0

Thinking a bit outside of the box, you could code a variable to store the md5 of a file (the exact file) and so while the actual md5 of the file in plane text will not be included in the file itself, if the file were runnable code it could be programmed to store a value of its own md5 as a variable. To further enhance such an idea (in order to give it some ...


-2

SHA256 and MD5 are message digest algorithm. You can only encrypt your data using this algorithms. If you want to validate this data then you need to encrypt that data and compare it to validate it. And as you told brute-force is the only way to get that data back and it's too difficult to decode it. If you realy want tha data back then go for AES/DES ...


4

SHA256 and MD5 are hashing algorithms, or "one-way encryption" if you will. A hash function is any function that can be used to map digital data of arbitrary size to digital data of fixed size (Wikipedia (Hash function)) So to get the (probable*) plaintext that was hashed, brute-force is the only way. There are rainbow tables as well as you mentioned ...


6

This construct can (crudely) protect against a length extension attack, which in particular affects hashes built using the Merkle-Damgård construction (such as MD5, SHA-1, and the SHA-2 family). The gist of the attack is that an attacker who knows H(s || m) and m for a hash H, secret s, and message m can trivially forge a hash of the form H(s || m || p || ...


-1

I am going to base my answer on a couple of assumptions as below. The secret key is randomly generated or not easily guessable The secret key is just that, a secret. Using two private keys in this instance has no viable benefits to security, presuming that the key was never accessed by a third party (So you are looking at reverse cryptographic attacks). ...


1

To expand on @aron-foster's answer, the way that this is done in public key cryptography is to first hash the message and then encrypt the hash using the sender's private key. In public key cryptography, as you likely know, data encrypted with one of the keys can only be decrypted with the corresponding key. This means that when the hash is encrypted with ...


3

Yes, that's correct. That's why if you're using a hash for data integrity then you must deliver the hash by separate means (eg. posting the hash with your twitter account). To get around this problem in emails, rather than using a hash you can use public key cryptography that allows the receiver (and anyone else) to verify the signature using your public ...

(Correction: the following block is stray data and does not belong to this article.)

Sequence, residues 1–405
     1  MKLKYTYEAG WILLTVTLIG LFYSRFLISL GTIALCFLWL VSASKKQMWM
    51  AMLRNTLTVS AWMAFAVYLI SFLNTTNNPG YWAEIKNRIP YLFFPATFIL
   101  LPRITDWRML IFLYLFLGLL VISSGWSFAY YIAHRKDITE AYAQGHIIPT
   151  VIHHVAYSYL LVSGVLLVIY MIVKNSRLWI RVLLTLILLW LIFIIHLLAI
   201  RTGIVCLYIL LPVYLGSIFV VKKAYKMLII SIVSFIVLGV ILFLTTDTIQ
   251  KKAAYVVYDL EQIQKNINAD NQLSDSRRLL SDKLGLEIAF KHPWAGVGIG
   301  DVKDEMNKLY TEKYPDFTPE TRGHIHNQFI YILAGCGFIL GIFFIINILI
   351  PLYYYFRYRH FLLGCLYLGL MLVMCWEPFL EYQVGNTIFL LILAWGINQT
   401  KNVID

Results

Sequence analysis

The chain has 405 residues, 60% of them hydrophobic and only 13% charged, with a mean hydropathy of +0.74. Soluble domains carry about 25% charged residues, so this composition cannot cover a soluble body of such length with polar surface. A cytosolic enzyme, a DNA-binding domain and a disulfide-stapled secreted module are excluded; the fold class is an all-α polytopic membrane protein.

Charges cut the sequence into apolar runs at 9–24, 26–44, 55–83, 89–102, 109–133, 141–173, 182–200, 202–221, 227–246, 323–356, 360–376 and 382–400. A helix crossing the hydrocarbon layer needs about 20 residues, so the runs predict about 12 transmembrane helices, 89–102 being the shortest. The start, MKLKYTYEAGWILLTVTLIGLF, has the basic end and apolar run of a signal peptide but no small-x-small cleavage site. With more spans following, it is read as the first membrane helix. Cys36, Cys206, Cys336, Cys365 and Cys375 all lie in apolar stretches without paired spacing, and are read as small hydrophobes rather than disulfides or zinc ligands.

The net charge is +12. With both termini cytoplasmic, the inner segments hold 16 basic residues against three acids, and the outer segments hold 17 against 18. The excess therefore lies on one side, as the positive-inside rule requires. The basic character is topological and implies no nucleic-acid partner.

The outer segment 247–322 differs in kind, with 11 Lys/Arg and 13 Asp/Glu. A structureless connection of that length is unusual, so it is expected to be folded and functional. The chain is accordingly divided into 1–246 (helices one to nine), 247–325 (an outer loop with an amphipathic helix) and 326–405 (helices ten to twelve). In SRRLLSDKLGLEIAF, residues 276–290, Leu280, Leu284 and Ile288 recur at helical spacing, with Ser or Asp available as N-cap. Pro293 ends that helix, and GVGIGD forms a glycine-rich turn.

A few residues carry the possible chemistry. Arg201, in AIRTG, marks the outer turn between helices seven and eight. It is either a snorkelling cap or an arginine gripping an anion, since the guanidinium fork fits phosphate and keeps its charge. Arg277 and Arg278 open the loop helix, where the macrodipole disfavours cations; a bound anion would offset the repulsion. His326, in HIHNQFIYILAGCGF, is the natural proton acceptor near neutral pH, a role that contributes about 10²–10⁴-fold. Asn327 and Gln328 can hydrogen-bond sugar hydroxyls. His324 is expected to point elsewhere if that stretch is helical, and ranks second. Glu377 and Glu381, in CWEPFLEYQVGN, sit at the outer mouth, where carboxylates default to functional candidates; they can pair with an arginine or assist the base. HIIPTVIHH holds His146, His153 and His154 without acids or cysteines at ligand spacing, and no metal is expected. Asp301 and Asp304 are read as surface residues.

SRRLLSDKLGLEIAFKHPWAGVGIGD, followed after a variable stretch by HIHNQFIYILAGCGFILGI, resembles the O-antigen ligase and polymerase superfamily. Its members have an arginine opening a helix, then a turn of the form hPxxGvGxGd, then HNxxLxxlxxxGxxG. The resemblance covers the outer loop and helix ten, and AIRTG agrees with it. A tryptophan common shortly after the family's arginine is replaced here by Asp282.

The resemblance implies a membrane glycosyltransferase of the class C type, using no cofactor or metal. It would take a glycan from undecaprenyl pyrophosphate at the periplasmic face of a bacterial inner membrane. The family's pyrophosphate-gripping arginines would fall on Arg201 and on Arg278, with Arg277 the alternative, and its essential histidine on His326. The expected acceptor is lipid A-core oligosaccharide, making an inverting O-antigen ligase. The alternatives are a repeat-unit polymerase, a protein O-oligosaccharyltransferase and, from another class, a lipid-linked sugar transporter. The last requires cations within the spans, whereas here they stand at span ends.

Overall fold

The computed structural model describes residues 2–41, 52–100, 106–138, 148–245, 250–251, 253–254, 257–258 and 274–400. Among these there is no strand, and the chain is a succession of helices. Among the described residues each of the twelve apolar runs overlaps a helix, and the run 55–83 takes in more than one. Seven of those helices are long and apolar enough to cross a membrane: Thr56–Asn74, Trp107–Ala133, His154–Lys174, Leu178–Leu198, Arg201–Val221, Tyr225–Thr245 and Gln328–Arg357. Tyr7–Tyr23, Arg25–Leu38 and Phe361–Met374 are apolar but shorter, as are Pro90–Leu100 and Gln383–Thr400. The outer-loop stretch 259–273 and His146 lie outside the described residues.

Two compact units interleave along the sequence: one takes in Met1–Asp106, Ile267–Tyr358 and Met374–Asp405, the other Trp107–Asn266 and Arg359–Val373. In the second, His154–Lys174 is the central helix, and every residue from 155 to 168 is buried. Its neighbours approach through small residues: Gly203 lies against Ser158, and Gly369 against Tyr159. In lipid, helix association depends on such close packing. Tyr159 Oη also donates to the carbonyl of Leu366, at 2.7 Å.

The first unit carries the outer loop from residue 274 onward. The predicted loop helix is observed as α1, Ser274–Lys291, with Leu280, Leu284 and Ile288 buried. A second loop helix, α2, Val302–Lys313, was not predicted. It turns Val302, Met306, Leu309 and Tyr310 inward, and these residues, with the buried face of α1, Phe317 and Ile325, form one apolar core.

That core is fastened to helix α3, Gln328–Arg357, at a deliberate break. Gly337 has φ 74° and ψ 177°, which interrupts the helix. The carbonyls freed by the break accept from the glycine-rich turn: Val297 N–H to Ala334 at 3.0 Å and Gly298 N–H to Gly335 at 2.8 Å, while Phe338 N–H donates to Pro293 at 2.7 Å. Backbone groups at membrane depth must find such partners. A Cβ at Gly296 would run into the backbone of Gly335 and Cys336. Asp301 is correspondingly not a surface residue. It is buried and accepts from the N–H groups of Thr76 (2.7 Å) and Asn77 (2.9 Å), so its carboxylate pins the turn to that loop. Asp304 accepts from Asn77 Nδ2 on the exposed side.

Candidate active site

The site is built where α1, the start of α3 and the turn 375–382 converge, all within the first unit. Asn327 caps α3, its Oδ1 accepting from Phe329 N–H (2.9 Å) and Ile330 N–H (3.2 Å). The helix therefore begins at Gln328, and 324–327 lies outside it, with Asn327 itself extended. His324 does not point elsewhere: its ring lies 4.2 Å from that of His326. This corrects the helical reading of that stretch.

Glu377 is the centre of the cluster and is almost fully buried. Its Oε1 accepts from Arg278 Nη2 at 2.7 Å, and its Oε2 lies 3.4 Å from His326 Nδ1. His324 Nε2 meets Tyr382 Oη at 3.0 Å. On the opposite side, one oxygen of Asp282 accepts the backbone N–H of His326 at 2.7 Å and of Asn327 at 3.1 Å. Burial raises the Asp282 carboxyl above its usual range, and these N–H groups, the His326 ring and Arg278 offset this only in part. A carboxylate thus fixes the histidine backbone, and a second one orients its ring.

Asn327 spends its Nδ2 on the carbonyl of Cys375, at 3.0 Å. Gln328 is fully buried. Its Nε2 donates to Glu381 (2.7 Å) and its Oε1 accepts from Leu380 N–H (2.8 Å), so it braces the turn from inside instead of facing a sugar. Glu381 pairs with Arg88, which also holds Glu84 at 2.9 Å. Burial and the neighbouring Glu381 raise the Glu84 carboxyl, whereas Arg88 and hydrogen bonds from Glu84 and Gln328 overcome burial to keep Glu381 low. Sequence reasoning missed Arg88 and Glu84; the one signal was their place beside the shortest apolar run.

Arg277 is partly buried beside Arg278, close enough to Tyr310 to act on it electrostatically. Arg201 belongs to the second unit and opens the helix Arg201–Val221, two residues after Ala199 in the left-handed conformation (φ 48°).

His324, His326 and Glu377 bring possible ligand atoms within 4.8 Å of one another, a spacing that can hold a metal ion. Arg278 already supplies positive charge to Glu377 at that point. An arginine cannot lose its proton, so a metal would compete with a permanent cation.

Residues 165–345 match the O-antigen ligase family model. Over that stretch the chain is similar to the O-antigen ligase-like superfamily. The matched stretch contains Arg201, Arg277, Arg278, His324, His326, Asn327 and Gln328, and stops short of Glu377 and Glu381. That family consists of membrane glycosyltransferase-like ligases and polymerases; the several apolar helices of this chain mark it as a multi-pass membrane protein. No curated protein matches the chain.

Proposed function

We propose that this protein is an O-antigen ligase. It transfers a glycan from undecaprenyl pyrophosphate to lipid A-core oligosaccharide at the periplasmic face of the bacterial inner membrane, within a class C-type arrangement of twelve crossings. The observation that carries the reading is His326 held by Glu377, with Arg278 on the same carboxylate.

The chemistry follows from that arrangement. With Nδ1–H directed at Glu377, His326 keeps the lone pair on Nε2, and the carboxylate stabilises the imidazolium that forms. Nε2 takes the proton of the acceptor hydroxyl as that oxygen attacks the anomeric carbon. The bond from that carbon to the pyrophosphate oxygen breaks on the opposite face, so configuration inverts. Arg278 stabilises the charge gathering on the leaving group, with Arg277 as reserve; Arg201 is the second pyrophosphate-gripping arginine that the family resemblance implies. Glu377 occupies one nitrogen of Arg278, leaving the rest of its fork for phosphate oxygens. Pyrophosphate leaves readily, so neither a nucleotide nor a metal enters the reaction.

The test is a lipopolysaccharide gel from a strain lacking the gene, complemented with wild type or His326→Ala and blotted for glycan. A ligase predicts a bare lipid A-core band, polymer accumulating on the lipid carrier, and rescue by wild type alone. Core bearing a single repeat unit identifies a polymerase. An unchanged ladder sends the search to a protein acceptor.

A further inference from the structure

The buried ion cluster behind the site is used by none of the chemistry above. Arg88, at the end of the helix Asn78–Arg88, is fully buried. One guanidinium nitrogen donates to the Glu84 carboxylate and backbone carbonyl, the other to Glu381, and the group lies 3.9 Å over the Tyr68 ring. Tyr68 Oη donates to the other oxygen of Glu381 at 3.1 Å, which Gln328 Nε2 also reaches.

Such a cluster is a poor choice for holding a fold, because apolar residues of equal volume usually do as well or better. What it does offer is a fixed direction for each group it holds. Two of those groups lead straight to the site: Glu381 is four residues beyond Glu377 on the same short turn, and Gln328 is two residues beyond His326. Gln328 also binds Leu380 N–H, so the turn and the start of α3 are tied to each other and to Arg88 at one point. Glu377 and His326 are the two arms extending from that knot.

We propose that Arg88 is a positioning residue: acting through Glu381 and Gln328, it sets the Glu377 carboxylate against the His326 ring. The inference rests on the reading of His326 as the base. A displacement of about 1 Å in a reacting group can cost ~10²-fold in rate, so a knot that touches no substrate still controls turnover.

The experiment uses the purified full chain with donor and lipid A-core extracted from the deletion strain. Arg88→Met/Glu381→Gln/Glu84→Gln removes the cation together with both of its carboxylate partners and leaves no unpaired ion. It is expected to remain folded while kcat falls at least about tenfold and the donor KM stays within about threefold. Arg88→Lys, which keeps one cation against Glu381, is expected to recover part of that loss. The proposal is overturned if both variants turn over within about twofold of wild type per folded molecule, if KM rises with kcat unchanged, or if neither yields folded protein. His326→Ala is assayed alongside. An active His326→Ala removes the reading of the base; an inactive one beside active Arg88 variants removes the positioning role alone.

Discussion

0

The nice thing about PHP's password_hash() and password_verify() functions is that they are designed with the future in mind, but they are also designed to be backward compatible. The hashing algorithm that password_hash() uses to create a hash is stored in the output produced by password_hash(), and this is how password_verify() knows which algorithm to ...


1

The new password_hash introduced in PHP 5.5.0 creates a very strong one way hashing algorithm. All information that's needed to verify the hash is included in it. I tried running a loop for 5000 times, and every hash for a single password was a unique hash. To create a password hash you can simply use : $password = '170991'; $hash = ...


2

I also have this following sha512 encryption system, which was created by Sammitch Why not use password_hash? The only reason I can think of is that you are using an old version of PHP, in which case you should update PHP. I have a custom CMS with a randomly generated ASCII 100-character string from this site for both my username/password. Don't ...


3

Flame, a component related to Stuxnet, used a hash collision in the known-weak MD5 algorithm to deepen the level of penetration of the target system. It was not used by itself but as part of a larger set of vulnerabilities, although as a whole it did lead to particularly disastrous results. Here is an article: ...


9

Yes, there are obvious flaws. Here are some: You can't make hashing slow by introducing simple delays. An attacker doesn't have to evaluate the hash the same way you did; they just need to get the same answer in the end. That means whatever is making the hash slow needs to be a necessary component of the hash -- it must be impossible to compute the hash ...


1

no. it looks like you're using a global constant for the salt. you want it to change per user record. see http://stackoverflow.com/questions/2999197/do-i-need-a-random-salt-once-per-password-or-only-once-per-database also, @coverosgene is right - there's no point in slowing your own hash method down.